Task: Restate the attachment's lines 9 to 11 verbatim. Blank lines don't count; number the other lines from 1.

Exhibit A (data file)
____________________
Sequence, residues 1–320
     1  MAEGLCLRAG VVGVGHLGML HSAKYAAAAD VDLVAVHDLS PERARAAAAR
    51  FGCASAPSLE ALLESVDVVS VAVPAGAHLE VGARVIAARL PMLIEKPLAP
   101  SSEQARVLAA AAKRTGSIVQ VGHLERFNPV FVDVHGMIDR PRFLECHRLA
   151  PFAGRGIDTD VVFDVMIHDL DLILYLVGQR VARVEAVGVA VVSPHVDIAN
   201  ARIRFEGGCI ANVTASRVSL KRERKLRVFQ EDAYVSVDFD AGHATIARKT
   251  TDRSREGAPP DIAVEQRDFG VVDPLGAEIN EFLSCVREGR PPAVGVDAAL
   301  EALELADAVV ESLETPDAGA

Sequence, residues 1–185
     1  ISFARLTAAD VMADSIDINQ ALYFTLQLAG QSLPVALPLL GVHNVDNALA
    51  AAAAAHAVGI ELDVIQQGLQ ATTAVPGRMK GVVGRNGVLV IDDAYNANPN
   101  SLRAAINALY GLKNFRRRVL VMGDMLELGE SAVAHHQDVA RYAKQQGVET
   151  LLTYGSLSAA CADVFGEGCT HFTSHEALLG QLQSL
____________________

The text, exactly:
Sequence, residues 1–185
     1  ISFARLTAAD VMADSIDINQ ALYFTLQLAG QSLPVALPLL GVHNVDNALA
    51  AAAAAHAVGI ELDVIQQGLQ ATTAVPGRMK GVVGRNGVLV IDDAYNANPN